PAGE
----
Ditch the Fairy Tale Relationship and Lean into Expectations.

Among the couples we work with – all genders and sexual orientation – there seems to be a common theme when it comes to conflict in the relationship. Can you take a wild guess? It is expectations. We all have expectations, but it is the expectations that are hidden, assumed, and not expressed that lead to the most conflict.

There is a fantasy narrative in relationships that we have all bought into since we were young. Think about all the romcoms that Hollywood produces or the Disney princess stories we grew up with. But it all comes down to the same narrative, that love is measured by how well someone knows you and that when you’re in love you’re supposed to know and anticipate all the needs and wants of the person you love. THIS IS A LIE!!

That’s not real life, in real life we are human. We are humans who constantly change their minds, wants and needs. Have you ever found yourself undecided on what to eat for dinner? So how exactly can any human being know all the things about you when you don’t even know what you want to eat!But there is a way out of this conflict. Break up with the Hollywood narrative that sets every single relationship up for failure. No one can live up to that romance story!! We need to create a new relationship narrative that encompasses a clear communication of needs and wants to our partners. We need to frame the communication of our needs, wants, and desires as a strength in the relationship rather than a weakness.

“When we hold on to hidden expectations and we don’t express them to our partners; we set the relationship up to fail.”

Cecilia Mannella

Framing love within this narrow fantasy story, where each partner has to know what the other one wants and needs, we set limitations on love. Love is meant to grow and evolve over time, it will feel different, and it will ebb and flow through the history of the relationship. So, when we put a narrow definition on it (love = you must know all my needs, wants, and desires) we only constrain it and prevent it from growing.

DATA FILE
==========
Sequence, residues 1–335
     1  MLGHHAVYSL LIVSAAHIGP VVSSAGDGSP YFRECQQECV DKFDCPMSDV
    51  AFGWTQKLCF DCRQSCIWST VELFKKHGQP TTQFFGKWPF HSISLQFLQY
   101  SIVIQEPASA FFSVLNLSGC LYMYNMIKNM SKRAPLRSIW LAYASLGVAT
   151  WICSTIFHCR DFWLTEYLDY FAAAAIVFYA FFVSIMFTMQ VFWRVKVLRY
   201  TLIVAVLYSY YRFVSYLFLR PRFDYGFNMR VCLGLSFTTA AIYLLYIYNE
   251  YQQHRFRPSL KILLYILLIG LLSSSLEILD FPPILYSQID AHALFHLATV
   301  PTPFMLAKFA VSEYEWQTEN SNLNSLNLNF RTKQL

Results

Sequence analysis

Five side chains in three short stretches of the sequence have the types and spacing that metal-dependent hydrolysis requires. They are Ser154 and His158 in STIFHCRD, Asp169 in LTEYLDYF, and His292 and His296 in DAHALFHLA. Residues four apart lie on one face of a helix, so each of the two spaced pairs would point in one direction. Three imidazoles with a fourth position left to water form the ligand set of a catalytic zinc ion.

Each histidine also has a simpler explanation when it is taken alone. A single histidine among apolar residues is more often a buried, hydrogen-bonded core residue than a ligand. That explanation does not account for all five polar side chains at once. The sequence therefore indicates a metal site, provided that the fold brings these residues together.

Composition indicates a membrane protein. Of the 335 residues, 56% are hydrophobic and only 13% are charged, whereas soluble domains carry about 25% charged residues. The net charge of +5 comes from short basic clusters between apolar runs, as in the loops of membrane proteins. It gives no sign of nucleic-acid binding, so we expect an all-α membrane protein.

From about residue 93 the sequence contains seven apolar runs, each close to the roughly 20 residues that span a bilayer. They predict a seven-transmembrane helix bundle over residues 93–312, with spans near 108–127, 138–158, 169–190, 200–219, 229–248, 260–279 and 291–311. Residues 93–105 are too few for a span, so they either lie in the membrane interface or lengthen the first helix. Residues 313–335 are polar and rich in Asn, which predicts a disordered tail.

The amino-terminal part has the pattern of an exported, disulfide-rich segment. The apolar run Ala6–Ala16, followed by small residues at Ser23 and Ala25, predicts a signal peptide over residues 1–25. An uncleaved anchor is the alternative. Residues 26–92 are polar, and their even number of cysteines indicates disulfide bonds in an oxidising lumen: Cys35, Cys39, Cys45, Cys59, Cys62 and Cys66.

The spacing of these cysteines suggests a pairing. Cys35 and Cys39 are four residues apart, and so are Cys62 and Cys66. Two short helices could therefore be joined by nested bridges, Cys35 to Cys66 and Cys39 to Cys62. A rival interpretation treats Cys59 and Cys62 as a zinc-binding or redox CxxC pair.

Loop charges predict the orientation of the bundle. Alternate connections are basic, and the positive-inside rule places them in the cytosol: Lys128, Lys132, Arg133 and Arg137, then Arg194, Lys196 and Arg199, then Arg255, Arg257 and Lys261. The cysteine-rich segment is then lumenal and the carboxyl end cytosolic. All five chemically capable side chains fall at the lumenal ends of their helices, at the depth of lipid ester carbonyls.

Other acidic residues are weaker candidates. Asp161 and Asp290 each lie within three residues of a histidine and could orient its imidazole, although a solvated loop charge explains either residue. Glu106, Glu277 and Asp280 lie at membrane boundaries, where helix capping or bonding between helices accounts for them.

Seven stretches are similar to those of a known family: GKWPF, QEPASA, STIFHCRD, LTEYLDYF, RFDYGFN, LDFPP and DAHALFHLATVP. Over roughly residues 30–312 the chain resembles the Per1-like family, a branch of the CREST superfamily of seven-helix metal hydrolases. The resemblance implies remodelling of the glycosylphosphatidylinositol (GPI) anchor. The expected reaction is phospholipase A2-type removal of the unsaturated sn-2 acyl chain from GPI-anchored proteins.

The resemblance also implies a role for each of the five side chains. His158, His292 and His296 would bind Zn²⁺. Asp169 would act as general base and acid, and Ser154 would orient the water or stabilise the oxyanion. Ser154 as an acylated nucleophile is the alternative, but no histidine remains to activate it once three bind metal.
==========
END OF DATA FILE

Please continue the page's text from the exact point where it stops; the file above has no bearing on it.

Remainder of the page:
If you haven’t heard about Brene Brown and her research on vulnerability, you must go look her up now! Brene says ‘clear is kind’ and for ANY relationship to grow and flourish, there needs to be clear communication of each others needs and wants. You do not have to agree with those needs and wants, but you do need to communicate them and allow the other person an opportunity to respond.

Imagine how freeing it would feel to be in a relationship that openly shares needs, wants, and desires – it would take the pressure away from having to guess all the time!! This is the type of relationship we can all aspire to have (#relationshipgoals). It takes a leap of faith in yourself and leaning into vulnerability to share your hear with someone else – but it is worth it.

My motto, if you are not willing to ask or share your assumptions to double check that your assumption was right, than you’re not allowed to make the assumption. And if you haven’t expressed your expectations and wants, then you don’t get to be mad at someone for guessing them wrong.

Cecilia

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